By Mike Klein
Thursday morning a House and Senate special committee will gather to discuss mission creep. That is not the official name of the hearing, also known as the first hearing to consider criminal justice reform legislation, but it might just as well have been advertised as mission creep.
Georgia criminal justice reform legislation is many things, nearly all of them positive, but it also is an example of mission creep. To understand whether House Bill 1176 hit or missed the mark, let’s begin with the assignment given to last year’s Special Council on Criminal Justice Reform:
“Address the growth of the state’s prison population, contain corrections costs and increase efficiencies and effectiveness that result in better offender management; Improve public safety by reinvesting a portion of the savings into strategies that reduce crime and recidivism; and, Hold offenders accountable by strengthening community-based supervision, sanctions and services.” That language is directly taken from the Special Council’s final report.
Nothing in that challenge asked the Special Council to consider child abuse statutes, change state rape laws or address whether religious clergy should be required to report crimes that parishioners admit during confession. However, all of that is found in the current HB 1176.
Georgia is not a criminal justice reform trendsetter. Many states – some here in the southeast – have enacted or considered changes to reduce prison populations, address recidivism, improve community treatment programs, reduce state costs and ease the burden on crowded courts.
There might be many good reasons to consider child abuse statutes, change state rape laws or address whether religious clergy should be required to report crimes that parishioners admit during confession. But using HB 1176 as the vehicle for those goals is mission creep. Those ideas – which might be very good ideas – need to be considered on their own merits.
The principles behind criminal justice reform include incarcerating those people who can do us harm, treating those people who need help more than they need incarceration, keeping the public safe and reinvesting prison system dollars into treatment programs. This is quite a leap from do the crime, do the time principles that caused prison overcrowding here and nationally.
Criminal justice reform asks us to make a fairly significant philosophical leap: Will we continue to treat the people who can do us harm the same as those who merely need our help, or, will we create new approaches that incarcerate the people who have done the most harm, and likely would do so again, but create new paths for those who most often do harm only to themselves?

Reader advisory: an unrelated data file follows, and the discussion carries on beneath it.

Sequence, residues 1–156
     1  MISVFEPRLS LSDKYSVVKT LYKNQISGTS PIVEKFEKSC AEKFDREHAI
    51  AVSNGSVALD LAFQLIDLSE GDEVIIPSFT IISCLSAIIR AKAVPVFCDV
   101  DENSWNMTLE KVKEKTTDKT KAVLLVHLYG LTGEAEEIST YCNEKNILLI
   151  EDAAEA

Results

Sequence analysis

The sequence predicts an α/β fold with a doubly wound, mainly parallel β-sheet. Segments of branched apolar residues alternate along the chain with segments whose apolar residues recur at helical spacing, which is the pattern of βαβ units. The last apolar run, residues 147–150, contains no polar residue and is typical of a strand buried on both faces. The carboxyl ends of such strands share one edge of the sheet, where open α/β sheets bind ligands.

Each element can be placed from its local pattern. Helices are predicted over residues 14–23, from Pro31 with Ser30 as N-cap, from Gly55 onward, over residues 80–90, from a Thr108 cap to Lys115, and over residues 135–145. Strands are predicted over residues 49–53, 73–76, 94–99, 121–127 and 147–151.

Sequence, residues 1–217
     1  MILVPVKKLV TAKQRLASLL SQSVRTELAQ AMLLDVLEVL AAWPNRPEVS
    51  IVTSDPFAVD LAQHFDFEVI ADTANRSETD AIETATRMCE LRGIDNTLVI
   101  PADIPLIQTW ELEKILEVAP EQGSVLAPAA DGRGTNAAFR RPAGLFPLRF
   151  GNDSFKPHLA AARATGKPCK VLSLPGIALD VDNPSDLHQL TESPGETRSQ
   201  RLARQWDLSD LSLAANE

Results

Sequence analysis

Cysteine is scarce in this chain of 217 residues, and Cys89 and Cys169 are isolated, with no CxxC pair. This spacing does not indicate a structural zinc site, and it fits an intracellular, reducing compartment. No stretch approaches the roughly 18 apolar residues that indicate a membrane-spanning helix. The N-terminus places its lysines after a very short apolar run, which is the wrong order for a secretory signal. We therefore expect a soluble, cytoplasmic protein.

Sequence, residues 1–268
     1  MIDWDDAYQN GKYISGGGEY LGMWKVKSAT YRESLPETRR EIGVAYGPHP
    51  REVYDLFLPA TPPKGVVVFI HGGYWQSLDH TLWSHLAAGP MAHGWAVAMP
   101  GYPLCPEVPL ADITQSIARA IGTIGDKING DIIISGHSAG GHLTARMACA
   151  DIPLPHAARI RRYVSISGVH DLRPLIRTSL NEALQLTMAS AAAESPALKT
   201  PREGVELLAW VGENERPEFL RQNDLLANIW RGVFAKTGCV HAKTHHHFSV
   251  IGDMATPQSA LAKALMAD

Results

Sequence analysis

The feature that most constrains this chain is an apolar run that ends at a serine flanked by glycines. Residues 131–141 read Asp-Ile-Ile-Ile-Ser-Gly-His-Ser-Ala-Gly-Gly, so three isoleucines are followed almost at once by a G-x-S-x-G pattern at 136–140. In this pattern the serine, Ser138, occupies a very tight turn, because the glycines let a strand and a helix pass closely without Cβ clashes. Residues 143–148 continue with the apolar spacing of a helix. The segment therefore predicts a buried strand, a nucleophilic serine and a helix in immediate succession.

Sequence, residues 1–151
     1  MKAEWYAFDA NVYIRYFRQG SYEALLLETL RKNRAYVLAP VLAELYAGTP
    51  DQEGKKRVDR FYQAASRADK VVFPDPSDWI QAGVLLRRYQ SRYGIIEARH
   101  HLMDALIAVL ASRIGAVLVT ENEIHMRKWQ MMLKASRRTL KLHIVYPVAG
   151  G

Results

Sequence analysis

Some of these numbers are frightening. Georgia’s state prison population – men and women – has grown from fewer than 30,000 two decades ago to 44,000 in the year 2000 to 56,000 today with projections of 60,000 within four years if we make no fundamental systemic changes. We add about 1,000 new people to the prison population each year, above and beyond those who are released.
The number of Georgians on parole –22,000 – is up 9 percent and the number of Georgians on probation –156,000 – is up 22 percent since the year 2000. One-in-13 Georgia adults is behind bars, on parole or on probation – the highest percentage in the nation. The annual cost to fund our penitentiaries has swollen from $500 million per year two decades ago to almost $1.1 billion.
Our state prisons operate at 107 percent capacity. At any moment several hundred more inmates are held in local jails because there is no room for them in the state penal system. Sure, we can build more prisons, but it costs $80 million to build a prison. It costs millions more dollars every year to feed and clothe inmates and pay for their health care, millions more to hire staff to run those prisons.
And what do we get for all this spending? We get a 30 percent failure rate – measured as the percentage of released inmates who are back behind bars within three years. We spend $1.1 billion per year to sustain a 30 percent failure rate. A private sector business would not last very long if its products routinely posted a 30 percent failure rate.
Thursday morning the House and Senate special committee that sits down to discuss criminal justice reform should begin by deciding how to trim out the mission creep add-ons that do not directly address the urgent need we have to adopt meaningful criminal justice reform in Georgia.
Criminal justice reform is arguably the most serious work of the 2012 General Assembly. It needs to remain on-point and focused. Other good ideas should be handled on their own merits as separate legislation.